Syriza: A European Experiment?
Will the elections of a radical left party save Greece? Not really. Syriza is far from being a silver bullet. However, it could offer some serious leverage in order to loosen the weight of the austerity measures, re-negotiate the terms of the bailout, and find a long-term plan for Greece. Additionally, Syriza has become for many a political experiment in a Europe in search of a new political and economic life. Syriza does not appear to be a red revolution, but rather a road for more human transition.
Dying in Greece because of poverty is a reality, and is unacceptable on one of the richest continents. Greece is a core EU Member State, it is a Member of the Eurozone. The European Union is a political and social endeavor between a group of states committed to such goal. The force of the austerity measures and the requirements on Greece in order to save the Union back in 2008 may have been a necessity at first considering the degree of interconnection between all world banks. However, the continuity of their effects on Greece should have long been renegotiated. The EU has become a multi-speed Union, composed of a Northern Group and Southern Group (rich and poor) on many important issues: in defense with the CSDP; in democratic and judiciary terms – see at Romania, Bulgaria and Czech Republic -; in economic policies – look at Greece, Portugal, Spain and Italy -.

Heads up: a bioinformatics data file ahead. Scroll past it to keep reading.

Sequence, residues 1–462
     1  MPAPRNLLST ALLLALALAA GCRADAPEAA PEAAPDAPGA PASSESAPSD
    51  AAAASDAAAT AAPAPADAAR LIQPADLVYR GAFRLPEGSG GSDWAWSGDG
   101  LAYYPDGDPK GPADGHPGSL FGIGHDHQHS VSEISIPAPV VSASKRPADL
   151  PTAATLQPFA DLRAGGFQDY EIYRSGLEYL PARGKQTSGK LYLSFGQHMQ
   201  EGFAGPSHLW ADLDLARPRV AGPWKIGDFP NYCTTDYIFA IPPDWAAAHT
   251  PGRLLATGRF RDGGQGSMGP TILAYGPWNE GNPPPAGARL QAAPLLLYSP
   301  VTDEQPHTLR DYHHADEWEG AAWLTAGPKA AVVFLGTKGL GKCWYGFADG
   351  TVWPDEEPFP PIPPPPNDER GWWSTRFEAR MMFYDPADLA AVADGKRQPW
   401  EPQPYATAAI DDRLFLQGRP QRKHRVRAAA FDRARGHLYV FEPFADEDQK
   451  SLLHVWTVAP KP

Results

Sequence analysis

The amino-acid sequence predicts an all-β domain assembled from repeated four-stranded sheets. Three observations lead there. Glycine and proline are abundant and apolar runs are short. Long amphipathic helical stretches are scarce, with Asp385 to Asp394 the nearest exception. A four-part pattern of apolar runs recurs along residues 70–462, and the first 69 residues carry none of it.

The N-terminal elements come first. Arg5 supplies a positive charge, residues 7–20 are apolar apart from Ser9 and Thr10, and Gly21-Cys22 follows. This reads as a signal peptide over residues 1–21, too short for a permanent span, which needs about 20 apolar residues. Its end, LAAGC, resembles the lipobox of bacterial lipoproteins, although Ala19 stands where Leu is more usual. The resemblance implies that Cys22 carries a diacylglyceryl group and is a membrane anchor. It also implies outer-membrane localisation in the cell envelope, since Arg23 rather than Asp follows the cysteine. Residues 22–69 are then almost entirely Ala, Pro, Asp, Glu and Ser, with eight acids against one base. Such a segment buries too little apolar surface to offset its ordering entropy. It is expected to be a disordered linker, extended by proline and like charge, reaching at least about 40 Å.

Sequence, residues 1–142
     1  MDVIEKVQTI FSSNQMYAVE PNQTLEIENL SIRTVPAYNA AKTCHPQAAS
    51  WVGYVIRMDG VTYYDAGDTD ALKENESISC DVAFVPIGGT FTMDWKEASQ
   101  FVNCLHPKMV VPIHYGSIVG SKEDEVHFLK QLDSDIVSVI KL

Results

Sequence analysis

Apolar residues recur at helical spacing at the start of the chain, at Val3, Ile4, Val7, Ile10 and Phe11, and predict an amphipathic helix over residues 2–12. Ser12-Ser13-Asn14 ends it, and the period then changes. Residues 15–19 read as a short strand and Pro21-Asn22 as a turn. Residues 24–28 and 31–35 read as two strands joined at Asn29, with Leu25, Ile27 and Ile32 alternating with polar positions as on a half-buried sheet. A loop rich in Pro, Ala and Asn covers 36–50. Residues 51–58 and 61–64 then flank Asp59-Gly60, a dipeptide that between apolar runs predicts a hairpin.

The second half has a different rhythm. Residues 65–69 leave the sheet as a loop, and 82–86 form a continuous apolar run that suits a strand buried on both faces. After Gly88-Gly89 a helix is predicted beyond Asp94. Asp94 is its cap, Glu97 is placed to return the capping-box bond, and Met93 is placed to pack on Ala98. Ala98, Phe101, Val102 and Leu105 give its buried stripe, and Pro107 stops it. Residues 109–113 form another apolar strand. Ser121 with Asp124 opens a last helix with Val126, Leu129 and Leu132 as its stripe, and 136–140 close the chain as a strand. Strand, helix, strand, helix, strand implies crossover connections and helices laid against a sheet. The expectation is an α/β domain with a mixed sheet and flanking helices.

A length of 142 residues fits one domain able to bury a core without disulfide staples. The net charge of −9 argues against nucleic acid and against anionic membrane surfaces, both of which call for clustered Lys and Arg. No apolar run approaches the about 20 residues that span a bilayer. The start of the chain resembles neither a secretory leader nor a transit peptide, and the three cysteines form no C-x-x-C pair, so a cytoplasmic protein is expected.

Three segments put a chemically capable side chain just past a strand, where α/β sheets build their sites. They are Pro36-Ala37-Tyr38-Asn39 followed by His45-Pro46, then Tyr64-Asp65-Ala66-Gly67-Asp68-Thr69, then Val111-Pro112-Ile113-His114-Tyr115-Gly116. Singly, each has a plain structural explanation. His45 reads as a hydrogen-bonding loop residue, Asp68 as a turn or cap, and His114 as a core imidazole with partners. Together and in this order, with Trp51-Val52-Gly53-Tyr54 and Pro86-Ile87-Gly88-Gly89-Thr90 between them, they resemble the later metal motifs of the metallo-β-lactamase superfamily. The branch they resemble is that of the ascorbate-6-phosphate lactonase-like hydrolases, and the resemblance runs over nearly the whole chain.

The ECB announced last week the beginning of a massive Quantitative Easing (QE), a program open-ended by nature – at least until the inflation rate of 2% is attained – of a value of €60 billion a month. However, the European QE won’t be enough until the European economic engines are not reformed and become more competitive. In parallel, the European Commission has announced the launch in 2015 of its Juncker Plan, a €315bn investment fund program intended to kick-start the European economy/ies. Both plans, QE and the Juncker Plan, will be necessary, but Member States ought to address their economic, industrial and financial models at home and harmonize them with European regulations and commitments that they agreed to.